IADAROLA Let’s talk about the visual aspects of Black Hydra. How would you characterize your approach in this respect?
COVINGTON My approach to Black Hydra‘s visual material has much in common with my approach to sound. It’s very linguistic, a product of the hysterias surrounding me. It’s very data-driven. For my EP cover, I used an algorithm to determine the most prominent shadows on my face in a photograph lit harshly with my phone’s flashlight, and then used software to fleck them gold. In the future, I’d like to extend the focus past my own body, but in these early stages, it’s all I’ve had access to. We’ll see what providence allows.
IADAROLA Tell me about Black Hydra‘s installation project. What do you have planned for it?
COVINGTON There will be a series of unique performances made possible by a portion of the proceeds from the reparations crowdfund, and presented privately to major backers who may elect to open the work to larger audiences as they see fit. For each one, I will stage a multimedia performance with a small crew of other artists on site, and collaborate on a one-of-a-kind art object to be left in the patron’s possession. This will be a physical, tangible relic of the crowdfund’s existence and a representation of the crowdfund’s relationship to specific backers. The live, embodied part of the project is integral to the full realization of Black Hydra, concentrating each of the project’s main lines of inquiry into one space.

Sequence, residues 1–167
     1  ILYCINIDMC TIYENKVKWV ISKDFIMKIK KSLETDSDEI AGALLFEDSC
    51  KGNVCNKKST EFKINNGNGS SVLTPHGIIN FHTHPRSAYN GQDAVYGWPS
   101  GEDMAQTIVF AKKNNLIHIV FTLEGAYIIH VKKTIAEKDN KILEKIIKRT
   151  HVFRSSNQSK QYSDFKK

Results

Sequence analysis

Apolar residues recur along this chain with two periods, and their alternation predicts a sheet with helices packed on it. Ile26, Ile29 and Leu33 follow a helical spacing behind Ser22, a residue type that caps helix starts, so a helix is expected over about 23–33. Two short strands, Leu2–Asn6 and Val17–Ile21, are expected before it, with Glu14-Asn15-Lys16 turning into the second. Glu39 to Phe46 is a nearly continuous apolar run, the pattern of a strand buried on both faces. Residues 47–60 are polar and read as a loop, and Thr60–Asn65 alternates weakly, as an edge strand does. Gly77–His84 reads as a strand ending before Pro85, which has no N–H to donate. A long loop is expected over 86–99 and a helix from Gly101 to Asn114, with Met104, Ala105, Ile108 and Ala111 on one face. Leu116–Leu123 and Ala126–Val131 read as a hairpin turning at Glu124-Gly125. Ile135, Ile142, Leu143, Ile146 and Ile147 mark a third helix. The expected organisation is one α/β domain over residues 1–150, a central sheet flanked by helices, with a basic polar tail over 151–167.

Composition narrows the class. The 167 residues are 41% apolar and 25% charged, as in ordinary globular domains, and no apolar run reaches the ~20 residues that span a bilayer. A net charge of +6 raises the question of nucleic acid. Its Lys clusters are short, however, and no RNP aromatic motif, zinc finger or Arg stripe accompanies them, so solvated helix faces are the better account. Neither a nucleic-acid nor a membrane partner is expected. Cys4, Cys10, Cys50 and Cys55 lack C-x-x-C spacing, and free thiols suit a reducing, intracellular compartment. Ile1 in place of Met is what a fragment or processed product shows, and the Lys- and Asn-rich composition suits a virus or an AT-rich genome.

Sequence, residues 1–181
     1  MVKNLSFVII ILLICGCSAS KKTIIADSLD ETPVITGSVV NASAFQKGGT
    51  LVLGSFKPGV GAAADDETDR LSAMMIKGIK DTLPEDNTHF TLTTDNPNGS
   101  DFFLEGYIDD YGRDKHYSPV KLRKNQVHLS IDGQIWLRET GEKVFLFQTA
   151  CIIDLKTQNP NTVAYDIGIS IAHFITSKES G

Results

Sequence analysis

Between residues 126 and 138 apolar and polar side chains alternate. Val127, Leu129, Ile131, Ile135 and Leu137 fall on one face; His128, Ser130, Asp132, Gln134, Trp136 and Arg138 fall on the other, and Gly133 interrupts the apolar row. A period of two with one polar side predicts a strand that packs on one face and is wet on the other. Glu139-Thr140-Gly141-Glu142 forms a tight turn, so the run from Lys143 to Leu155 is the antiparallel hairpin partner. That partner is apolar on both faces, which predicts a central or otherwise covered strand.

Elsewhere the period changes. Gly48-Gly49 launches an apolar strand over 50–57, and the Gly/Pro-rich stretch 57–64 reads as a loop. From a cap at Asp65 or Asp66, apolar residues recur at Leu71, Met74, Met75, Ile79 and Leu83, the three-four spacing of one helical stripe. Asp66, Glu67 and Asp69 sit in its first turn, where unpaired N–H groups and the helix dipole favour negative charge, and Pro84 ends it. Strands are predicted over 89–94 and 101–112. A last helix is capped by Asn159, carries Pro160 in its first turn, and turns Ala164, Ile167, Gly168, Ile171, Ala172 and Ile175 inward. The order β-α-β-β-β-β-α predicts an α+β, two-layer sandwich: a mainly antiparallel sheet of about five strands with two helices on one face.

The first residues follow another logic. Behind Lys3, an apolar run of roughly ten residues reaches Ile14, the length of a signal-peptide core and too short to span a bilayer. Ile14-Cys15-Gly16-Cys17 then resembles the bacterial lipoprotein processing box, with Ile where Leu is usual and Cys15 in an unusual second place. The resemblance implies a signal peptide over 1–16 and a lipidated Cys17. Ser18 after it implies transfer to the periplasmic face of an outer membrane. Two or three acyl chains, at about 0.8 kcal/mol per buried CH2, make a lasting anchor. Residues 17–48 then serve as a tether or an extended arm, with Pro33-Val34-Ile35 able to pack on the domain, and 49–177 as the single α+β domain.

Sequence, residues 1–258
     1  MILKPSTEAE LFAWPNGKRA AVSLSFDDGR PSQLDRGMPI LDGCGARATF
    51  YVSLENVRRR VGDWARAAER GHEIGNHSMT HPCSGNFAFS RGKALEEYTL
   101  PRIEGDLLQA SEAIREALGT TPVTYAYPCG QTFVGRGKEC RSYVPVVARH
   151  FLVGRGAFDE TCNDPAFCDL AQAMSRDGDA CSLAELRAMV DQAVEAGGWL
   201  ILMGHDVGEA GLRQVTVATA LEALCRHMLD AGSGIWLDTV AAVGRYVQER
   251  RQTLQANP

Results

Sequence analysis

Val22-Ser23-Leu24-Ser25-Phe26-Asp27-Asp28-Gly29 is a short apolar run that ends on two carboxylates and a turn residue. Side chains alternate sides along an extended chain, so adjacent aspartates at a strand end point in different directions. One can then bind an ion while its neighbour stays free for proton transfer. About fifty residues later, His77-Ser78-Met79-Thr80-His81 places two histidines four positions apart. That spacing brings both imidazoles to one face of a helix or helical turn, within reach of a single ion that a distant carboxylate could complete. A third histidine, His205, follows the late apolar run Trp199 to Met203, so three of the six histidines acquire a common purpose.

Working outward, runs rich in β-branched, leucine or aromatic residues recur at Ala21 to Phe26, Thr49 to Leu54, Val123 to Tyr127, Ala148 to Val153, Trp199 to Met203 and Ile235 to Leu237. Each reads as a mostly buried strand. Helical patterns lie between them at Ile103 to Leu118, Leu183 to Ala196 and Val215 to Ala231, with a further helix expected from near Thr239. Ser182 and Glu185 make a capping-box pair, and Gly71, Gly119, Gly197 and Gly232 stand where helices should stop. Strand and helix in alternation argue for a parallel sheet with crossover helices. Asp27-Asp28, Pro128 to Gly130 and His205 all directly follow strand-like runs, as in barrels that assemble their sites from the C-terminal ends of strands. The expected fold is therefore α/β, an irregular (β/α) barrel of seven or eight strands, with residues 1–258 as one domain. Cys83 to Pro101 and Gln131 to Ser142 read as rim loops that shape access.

IADAROLA What attracts you to the medium of performance?
COVINGTON It isn’t attractive to me. It’s more a matter of necessity given the kind of relationship to commodity that black people have, that I have. Because of this, our connection to capitalism that originated with transatlantic slavery will never disappear, it won’t ever be erased. Because of that specifically, it only felt right to frame the entirety of Black Hydra and every connection that I have through this project as an act of performance.